The Meredith Class Ring
by Martha Fonville
Carlyle Campbell Library
When Mabel Hawley Yarborough Bullock, ‘33, received her Meredith College ring, she could not have known that 80 years later her granddaughter, Elizabeth Hawley Oates, ‘13, would have her own onyx. Elizabeth reflects on the differences and similarities: “Although my Granny’s onyx and mine look different, at the core they still connect us back to the same place; they connect us back to traditions, to family, and to memories and lessons that will remain with us forever. On the surface, Meredith was a very different place back when my grandmother was here. But at its core, Meredith was the same place it is today. In its essence, Meredith stands for sisterhood, loyalty, leadership, and so much more. And the onyxes we place on our fingers will be a constant reminder to us as we continue on our life journey; these rings will remind us of what we learned here, both academically and socially, and the great memories we shared with friends and classmates.”
The beloved Meredith class ring has a long and noteworthy history. While the date of the first ring is not known, the oldest ring in the College Archives features a gold band with the letters “MC” and “1916.” The 1917 ring added a green stone to the gold band.
The ring changed into an elongated gold oval by 1922, with a torch (lux) in the center, the alumna’s degree on one side and graduation year on the other. In 1924, art professor Ida Poteat and Mable West, ’24, designed a new ring that was made by Tiffany & Company in New York and sold for $15.00. This ring marked the first appearance of a black onyx, an octagon containing the Meredith seal in gold with oak leaves on each side.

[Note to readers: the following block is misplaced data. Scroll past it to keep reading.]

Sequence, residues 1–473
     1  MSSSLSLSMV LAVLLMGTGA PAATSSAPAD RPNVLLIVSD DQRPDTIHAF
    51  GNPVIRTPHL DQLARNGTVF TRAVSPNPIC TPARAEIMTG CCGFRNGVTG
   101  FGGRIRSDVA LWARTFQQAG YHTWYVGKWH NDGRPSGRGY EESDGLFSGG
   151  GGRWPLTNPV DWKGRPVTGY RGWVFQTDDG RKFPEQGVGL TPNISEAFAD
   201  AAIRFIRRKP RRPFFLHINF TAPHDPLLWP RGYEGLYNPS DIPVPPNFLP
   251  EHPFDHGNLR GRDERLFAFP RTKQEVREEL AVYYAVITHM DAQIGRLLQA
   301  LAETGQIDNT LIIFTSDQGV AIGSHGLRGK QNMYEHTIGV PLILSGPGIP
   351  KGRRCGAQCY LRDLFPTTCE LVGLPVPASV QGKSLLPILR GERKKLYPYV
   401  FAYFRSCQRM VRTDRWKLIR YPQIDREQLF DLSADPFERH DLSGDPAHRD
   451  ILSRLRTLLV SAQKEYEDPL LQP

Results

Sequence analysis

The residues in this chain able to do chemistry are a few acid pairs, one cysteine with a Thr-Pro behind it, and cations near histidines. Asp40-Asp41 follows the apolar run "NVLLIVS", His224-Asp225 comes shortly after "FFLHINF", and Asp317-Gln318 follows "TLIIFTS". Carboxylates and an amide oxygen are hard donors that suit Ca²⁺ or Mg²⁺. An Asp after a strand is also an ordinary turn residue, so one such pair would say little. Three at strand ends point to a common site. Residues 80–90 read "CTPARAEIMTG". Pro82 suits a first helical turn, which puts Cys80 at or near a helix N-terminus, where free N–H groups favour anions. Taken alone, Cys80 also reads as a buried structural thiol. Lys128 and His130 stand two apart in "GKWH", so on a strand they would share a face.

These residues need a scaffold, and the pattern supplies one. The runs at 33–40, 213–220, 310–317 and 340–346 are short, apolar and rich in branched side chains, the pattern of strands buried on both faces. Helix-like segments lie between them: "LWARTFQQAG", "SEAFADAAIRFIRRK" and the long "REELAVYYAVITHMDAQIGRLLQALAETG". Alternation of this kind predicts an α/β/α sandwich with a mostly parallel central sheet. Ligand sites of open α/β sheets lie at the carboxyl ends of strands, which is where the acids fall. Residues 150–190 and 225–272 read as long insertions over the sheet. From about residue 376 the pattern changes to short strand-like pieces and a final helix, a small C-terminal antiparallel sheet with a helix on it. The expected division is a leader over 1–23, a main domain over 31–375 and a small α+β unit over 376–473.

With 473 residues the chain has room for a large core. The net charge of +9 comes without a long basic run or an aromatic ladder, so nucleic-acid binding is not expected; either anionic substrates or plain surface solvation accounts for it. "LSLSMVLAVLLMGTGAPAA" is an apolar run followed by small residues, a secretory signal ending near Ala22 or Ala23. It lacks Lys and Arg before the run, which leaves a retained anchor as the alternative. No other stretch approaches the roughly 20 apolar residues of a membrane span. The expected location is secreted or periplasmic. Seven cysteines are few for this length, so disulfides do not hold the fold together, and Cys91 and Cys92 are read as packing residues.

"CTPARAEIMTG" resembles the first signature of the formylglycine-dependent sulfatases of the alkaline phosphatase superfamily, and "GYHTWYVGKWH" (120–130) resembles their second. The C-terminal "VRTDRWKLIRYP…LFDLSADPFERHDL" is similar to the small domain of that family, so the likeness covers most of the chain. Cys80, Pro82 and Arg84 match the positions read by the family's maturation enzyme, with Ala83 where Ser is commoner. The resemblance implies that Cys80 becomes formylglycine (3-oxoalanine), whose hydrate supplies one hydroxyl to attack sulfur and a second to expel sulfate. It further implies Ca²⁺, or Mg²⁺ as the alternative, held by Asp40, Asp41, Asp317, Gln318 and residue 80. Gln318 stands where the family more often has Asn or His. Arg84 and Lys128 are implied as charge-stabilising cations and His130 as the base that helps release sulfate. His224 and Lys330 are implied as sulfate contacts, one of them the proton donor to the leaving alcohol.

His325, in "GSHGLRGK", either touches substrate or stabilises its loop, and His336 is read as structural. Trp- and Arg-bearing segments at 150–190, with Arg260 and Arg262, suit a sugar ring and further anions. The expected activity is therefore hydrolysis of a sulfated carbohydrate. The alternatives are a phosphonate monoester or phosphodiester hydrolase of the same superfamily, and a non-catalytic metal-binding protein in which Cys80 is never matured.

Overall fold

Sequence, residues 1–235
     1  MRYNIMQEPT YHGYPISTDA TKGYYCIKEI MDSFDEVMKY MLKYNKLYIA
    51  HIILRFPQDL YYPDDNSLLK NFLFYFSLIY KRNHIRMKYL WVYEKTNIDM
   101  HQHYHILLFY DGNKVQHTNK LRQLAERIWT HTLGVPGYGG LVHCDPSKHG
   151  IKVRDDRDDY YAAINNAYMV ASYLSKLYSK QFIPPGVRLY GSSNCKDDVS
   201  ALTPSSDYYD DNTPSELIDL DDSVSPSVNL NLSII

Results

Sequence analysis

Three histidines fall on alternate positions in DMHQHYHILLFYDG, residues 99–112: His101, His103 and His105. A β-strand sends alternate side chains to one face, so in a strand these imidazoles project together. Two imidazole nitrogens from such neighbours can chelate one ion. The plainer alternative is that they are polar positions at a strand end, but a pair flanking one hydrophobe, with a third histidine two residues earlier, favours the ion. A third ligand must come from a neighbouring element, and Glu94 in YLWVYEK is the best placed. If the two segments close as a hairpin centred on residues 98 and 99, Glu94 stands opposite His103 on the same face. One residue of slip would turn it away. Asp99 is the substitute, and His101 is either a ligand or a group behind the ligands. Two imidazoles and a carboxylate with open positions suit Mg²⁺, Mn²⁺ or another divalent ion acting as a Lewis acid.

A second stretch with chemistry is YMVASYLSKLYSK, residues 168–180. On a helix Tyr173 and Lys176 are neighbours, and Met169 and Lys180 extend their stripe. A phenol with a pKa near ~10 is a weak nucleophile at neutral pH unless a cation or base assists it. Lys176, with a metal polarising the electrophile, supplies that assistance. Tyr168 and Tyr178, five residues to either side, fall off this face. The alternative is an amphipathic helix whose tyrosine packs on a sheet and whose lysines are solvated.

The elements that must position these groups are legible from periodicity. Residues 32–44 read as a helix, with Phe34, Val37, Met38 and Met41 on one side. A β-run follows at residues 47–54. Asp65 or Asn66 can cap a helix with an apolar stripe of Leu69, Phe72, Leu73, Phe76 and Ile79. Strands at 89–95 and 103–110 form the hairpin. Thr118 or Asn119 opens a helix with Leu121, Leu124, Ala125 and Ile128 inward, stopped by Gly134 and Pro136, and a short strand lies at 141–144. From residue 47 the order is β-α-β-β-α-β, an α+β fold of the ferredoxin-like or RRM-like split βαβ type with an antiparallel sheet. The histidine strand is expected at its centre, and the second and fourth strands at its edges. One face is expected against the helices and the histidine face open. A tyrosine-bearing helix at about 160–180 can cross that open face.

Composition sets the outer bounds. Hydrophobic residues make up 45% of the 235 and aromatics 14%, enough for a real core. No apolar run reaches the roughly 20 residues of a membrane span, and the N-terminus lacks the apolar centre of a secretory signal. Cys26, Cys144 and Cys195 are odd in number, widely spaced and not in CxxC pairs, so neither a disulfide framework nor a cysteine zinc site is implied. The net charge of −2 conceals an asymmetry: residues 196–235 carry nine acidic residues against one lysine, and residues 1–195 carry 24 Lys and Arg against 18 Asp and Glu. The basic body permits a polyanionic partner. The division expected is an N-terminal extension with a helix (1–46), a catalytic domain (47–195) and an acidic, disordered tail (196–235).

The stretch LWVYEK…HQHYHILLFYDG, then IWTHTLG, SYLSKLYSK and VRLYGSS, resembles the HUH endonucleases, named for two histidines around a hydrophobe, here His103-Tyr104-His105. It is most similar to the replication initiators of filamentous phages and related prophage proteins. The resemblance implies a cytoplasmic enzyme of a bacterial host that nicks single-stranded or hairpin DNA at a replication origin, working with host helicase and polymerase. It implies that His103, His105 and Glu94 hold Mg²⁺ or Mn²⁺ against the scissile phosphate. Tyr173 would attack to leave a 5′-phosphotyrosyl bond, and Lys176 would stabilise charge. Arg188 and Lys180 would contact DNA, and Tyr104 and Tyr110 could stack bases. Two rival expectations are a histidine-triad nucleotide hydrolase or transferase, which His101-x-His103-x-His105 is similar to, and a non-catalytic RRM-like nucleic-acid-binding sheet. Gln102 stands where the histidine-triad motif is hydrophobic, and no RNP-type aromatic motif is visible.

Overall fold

The next modification appeared in 1950 when a student committee selected an oval synthetic ruby with a gold band. The words “Meredith College” surround the red stone, with the College seal on one side and oak leaves on both sides. However, because many students thought this was too similar to a high school ring, art professor Douglas Reynolds led a group including Jean Dula Fletcher, ’53, and Ann Lovell, ’54, in a redesign. An oval shaped cameo dinner ring that Jean wore as a student is said to have been an inspiration. The newly designed ring, still worn today, is an oval black onyx with the Meredith seal engraved in the lower half and oak leaves incised on either a silver or gold band. Jostens Company made the new design available to the Class of 1954.
The only change since that time was for the 1991 Centennial Class, when the oak leaves were moved slightly to allow space for the year. The design returned to the original the next year. The Class of 1992 started a new tradition, Ring Dinner, when students receive their Meredith onyxes. This celebration expanded into Ring Week in 1997.
Degree-seeking undergraduate students who have completed 60 hours of coursework are eligible to purchase their rings. An undergraduate wears her ring with the seal toward her; at graduation she turns the ring around so that the seal “faces the world.”
Meredith’s post-baccalaureate ring, introduced in 2006, is available in two versions, designed to suit the needs of both female and male post-baccalaureate students. However, the traditional onyx continues to be offered only to undergraduates.
“The onyx is so much more than just a ring. Shining black with the College symbol, the foundation of this ring is created by not only the Meredith College women of today, but ones from the past. Our Ring Dinner is not merely about getting a simple piece of jewelry, but it is about sisterhood, unity and friendship, things that have gotten me through trying times and heightened the amazing times even more.”
--Kiran Subramaniam, ‘11
All material on Archives pages copyright Meredith College unless otherwise indicated.